Information Architecture Primer

At its simplest Information architecture (IA) is the labelling and categorisation of information. In the context of a website this is manifest through the sites structure, content and behaviour through the:

  • design, organisation and layout of the user interface
  • structure and context of information flows
  • design of navigation, access and search functionality
  • identification and use of language, data and vocabulary schemas.

Information architecture must address the needs of both the business and its users and ensure responsiveness and efficiency. This will require developing and maintaining strategies that not only facilitate these objectives but aid in the proactive, ongoing review of information systems throughout their respective life cycles.

And why would you want good information architecture?

  • To enable users to simply find information and services and complete tasks.
  • To support and communicate the business objectives of your organisation.
  • To provide visitors with a consistent, predictable and satisfying experience when interacting with your information systems/websites.

How can Clarity help?

Ok so here is the rub. This is not something your average web designer is necessarily good at or will even think is necessary. For some applications this may indeed be the case but if your organisation has identified the need for a more systematic approach Clarity can develop and maintainĀ a documented information architecture strategy which describes, justifies and provides a strategic direction for the IA of your websites and information systems.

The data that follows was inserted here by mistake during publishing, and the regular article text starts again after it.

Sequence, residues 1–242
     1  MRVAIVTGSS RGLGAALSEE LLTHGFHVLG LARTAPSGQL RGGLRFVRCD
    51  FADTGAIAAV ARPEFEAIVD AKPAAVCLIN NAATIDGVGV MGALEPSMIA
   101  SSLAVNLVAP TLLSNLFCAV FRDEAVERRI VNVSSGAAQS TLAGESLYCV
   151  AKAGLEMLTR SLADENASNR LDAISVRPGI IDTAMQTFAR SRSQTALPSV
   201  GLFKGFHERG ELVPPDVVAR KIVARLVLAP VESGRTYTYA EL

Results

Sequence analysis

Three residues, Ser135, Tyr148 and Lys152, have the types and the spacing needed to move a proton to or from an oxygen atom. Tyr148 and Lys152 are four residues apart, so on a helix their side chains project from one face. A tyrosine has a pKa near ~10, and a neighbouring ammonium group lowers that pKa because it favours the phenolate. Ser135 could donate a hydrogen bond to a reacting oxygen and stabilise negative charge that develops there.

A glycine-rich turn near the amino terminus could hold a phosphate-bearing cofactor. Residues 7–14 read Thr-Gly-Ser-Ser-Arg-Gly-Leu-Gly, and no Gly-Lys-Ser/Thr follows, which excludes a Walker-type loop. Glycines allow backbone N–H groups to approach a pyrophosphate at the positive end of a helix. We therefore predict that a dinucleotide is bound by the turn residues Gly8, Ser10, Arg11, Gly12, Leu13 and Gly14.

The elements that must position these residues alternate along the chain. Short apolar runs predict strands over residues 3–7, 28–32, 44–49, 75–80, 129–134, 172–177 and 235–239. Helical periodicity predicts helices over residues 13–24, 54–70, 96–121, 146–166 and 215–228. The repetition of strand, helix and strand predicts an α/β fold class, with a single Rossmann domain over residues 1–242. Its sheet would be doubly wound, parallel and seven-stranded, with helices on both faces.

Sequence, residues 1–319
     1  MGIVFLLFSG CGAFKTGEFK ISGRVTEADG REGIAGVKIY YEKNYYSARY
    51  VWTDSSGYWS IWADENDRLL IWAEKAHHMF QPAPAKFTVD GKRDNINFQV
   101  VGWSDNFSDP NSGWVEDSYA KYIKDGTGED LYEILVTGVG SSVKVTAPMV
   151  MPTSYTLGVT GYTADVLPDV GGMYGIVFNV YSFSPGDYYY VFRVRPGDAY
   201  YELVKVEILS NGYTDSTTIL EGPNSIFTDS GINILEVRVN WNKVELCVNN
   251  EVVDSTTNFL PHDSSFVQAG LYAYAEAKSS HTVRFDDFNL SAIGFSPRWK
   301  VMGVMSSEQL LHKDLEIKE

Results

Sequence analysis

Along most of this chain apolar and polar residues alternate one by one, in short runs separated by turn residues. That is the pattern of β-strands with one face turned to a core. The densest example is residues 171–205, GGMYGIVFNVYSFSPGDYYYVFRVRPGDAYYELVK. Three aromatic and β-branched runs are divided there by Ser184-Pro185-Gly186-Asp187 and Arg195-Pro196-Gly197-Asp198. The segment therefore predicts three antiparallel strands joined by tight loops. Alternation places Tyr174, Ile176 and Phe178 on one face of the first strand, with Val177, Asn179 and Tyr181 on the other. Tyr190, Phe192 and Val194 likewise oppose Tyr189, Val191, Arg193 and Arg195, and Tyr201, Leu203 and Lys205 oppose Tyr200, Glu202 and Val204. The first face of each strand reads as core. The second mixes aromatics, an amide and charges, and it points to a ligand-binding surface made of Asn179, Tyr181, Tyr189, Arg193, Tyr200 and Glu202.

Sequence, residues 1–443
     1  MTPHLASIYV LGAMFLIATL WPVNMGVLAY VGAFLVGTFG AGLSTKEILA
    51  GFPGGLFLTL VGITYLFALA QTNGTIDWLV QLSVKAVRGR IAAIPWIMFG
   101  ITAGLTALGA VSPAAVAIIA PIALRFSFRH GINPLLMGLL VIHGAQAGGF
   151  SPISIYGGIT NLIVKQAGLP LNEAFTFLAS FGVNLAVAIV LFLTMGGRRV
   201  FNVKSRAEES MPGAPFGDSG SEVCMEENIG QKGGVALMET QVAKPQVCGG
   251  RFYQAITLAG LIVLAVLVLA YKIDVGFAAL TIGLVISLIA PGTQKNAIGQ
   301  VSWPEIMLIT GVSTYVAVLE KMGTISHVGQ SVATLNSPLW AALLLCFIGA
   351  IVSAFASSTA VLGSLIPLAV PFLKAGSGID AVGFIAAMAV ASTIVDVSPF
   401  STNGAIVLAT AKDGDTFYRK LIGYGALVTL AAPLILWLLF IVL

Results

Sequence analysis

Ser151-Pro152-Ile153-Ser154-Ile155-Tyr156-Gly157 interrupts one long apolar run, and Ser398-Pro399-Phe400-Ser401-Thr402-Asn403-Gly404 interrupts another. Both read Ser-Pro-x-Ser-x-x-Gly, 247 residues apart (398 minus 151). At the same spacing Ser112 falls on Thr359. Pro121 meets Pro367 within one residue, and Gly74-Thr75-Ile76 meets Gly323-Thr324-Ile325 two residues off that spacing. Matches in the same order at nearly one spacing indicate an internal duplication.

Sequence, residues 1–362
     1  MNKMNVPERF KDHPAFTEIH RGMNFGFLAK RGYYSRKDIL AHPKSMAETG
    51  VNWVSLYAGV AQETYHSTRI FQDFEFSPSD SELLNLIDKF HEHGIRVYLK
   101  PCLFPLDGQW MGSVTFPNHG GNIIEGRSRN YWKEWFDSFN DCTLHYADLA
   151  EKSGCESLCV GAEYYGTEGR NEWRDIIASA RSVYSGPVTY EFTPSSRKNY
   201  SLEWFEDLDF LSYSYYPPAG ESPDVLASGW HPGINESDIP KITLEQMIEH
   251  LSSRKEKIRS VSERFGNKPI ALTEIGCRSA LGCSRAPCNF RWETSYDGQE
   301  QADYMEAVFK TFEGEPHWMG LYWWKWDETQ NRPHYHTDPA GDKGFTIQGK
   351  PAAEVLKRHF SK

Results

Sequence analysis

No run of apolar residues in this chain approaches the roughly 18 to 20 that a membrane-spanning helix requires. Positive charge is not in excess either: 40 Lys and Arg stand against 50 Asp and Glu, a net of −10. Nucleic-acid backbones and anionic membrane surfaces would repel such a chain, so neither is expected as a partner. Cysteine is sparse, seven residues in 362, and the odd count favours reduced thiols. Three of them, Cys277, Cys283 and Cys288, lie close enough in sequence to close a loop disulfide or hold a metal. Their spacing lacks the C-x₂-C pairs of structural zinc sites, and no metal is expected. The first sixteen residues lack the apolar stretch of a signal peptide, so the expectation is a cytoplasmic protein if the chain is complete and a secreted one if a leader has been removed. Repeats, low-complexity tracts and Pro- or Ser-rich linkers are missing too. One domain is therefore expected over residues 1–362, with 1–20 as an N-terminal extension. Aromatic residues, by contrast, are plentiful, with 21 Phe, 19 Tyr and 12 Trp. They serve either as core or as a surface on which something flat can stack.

These documents should address all of the following IA components :

  • business needs analysis;
  • user research, customer development and analysis;
  • content and database inventory;
  • controlled vocabularies and metadata;
  • website navigation and hierarchy;
  • website layout, accessibility and security;
  • search model and behaviour;
  • usability testing;
  • monitoring and maintenance;
  • change management; and
  • ongoing review.

These strategies and documents should be monitored and reviewed regularly to ensure they remain current and relevant.